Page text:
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Near Field Communication (NFC) is a short-range wireless communication technology found in mobile phones, credit cards, tickets, and other devices. Distances are limited to just a few inches to ensure privacy and reduce power consumption. Little to no setup is required, and NFC devices can operate in a variety of modes. The technology is expected to have a large impact on the mobile phone industry and could turn phones into virtual wallets that store identity and payment information.
Unlike many other wireless communications technologies, NFC was designed to have a very limited range. Devices that support the technology generally have to be within about 1-1/2 inches (4 cm) of each other to communicate, although longer distances may be supported in some cases. This limited range provides some security against eavesdropping and tampering because any attack would also need to take place from within a few inches of a potential victim. Transmitting over sort distances also uses less power, an important feature in battery powered mobile devices.
Communication over NFC takes place between two devices and requires little to no setup. An “initiator” device emits radio waves to start communication with a “target” device which listens for incoming signals. The connection can be either active, i.e., both devices emit radio waves, or passive, meaning one device powers itself with the radio emissions of another device. Once a link is established, data can be transferred in a reader/writer mode in which one device writes data to another, or in a peer-to-peer mode in which devices exchange data.
NFC technology is expected to have a large impact on the mobile phone industry. Mobile phones equipped with the technology can be used as a “virtual wallet,” and could potentially replace debit and credit cards, rewards cards, tickets, and travel passes. The first NFC-enabled phones were released in 2007, and pilot programs in Europe and Asia have allowed consumers to make payments, use mass transit systems, and even board commercial flights using their phones. More advanced applications are also possible, and some envision this technology powering everything from interactive advertising to wireless file transfers.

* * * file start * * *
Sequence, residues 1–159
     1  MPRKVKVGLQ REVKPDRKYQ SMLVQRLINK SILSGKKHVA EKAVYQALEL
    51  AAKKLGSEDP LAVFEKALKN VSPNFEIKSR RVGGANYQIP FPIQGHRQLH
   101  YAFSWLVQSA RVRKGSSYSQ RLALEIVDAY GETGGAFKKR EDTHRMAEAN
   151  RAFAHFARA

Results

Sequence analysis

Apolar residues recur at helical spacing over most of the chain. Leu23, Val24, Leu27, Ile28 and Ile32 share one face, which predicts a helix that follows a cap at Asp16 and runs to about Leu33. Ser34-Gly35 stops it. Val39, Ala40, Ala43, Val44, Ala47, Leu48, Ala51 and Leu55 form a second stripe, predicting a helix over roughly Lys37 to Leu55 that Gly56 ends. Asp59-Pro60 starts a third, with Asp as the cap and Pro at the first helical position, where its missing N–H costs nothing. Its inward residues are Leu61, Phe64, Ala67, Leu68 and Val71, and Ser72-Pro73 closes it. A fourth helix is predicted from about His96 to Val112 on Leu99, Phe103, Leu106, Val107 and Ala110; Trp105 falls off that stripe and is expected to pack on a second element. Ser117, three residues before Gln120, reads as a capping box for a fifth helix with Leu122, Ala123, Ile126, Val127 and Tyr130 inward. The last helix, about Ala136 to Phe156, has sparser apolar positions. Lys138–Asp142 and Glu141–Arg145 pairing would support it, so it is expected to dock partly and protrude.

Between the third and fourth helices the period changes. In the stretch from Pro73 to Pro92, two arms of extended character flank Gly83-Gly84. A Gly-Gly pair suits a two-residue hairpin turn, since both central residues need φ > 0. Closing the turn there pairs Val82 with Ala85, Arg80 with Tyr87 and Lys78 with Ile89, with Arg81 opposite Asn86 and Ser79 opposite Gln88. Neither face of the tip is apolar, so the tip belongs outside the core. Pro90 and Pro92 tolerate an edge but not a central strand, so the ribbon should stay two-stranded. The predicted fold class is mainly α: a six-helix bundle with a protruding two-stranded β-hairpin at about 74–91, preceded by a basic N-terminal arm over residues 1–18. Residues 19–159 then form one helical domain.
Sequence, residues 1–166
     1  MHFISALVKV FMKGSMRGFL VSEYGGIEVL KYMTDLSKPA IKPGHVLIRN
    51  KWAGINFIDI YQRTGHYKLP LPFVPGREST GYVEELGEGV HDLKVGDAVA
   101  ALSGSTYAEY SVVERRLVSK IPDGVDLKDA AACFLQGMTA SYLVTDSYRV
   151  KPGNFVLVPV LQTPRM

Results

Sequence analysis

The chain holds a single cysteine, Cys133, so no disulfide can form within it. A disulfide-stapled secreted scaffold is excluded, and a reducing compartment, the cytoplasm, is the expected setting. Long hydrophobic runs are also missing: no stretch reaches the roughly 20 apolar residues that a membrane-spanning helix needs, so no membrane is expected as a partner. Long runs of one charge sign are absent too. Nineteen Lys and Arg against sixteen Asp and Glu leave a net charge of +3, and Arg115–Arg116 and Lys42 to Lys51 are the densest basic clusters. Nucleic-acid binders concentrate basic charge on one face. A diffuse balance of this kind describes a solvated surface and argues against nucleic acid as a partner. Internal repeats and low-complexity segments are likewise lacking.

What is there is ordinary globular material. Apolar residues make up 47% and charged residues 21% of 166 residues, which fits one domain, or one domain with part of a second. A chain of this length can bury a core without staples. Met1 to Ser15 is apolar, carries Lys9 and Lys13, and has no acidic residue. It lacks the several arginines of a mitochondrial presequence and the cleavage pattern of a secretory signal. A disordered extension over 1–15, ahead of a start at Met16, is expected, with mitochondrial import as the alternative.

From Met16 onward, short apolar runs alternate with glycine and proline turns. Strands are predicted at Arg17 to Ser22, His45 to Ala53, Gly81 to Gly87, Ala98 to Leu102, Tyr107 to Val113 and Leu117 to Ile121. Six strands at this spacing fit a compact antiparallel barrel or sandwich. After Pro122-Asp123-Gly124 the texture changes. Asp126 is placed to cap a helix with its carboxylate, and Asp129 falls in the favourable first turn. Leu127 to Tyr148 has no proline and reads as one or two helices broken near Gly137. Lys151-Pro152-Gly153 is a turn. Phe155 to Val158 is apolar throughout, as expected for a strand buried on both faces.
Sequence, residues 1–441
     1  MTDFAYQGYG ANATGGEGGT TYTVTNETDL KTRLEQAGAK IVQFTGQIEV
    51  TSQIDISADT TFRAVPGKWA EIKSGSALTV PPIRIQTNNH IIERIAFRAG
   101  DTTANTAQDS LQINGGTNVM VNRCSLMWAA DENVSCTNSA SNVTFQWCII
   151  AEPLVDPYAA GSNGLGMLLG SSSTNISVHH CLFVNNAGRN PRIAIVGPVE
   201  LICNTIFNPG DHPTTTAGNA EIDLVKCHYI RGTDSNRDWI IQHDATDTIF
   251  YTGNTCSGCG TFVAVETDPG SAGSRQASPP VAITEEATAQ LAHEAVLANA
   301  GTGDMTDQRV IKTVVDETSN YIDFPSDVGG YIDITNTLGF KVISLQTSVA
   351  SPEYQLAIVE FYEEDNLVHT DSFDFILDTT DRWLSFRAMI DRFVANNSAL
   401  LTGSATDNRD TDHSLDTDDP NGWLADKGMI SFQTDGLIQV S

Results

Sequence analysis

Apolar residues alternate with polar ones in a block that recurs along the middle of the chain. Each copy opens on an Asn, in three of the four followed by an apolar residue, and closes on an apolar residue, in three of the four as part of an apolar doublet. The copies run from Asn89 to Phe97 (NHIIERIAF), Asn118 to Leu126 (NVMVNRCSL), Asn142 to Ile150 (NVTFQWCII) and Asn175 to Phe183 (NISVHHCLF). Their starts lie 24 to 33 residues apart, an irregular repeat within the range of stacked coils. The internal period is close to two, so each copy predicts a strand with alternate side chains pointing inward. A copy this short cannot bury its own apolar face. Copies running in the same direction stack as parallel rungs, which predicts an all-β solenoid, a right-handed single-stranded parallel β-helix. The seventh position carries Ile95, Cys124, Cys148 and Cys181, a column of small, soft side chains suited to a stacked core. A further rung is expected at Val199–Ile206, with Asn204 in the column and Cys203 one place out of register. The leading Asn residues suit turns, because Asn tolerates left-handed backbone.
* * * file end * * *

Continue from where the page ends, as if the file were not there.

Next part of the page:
Beyond the mobile phone industry, NFC technology could be used in credit cards, passports, inventory tracking systems, tickets, and advertising. In the U.S. and other countries, some retailers already have NFC-compatible payment terminals that allow consumers to purchase goods by waving their credit or debit card in front of the device. Consumer electronics devices may also incorporate the technology for a variety of purposes, from wirelessly printing photos from a digital camera to exchanging information in order set up a secure Bluetooth® or WiFi connection.
This kind of thing really makes me nervous because the easier it is for me to pay for something the easier it is for someone else to use my information to pay for something.
And I've heard of people figuring out how to use this kind of technology to steal your information and money just by brushing past you in a store and getting their phone close to yours. It seems to make a pickpocket's job much easier if they have access to the technical know-how to exploit it.
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